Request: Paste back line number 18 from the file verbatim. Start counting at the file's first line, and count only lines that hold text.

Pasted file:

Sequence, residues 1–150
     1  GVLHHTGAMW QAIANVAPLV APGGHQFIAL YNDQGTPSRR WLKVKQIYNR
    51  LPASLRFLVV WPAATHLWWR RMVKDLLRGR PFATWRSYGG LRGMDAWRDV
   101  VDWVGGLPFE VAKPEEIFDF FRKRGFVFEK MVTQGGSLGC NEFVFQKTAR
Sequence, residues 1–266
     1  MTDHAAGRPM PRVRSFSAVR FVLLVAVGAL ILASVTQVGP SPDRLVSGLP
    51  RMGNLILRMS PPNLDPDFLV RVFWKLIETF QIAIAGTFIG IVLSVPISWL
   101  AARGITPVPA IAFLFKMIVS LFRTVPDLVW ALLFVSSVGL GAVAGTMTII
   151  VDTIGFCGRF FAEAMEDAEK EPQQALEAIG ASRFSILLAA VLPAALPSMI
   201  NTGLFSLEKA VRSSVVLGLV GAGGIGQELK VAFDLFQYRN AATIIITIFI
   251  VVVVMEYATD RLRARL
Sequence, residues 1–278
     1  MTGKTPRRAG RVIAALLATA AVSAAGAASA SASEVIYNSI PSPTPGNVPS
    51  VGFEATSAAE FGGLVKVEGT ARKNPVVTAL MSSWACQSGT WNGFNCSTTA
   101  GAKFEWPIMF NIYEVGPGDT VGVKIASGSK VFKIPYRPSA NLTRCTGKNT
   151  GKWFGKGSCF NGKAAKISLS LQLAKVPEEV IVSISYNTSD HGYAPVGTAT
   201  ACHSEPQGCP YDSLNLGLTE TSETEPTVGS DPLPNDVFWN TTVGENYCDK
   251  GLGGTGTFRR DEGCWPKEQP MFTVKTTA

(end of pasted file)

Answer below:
   251  GLGGTGTFRR DEGCWPKEQP MFTVKTTA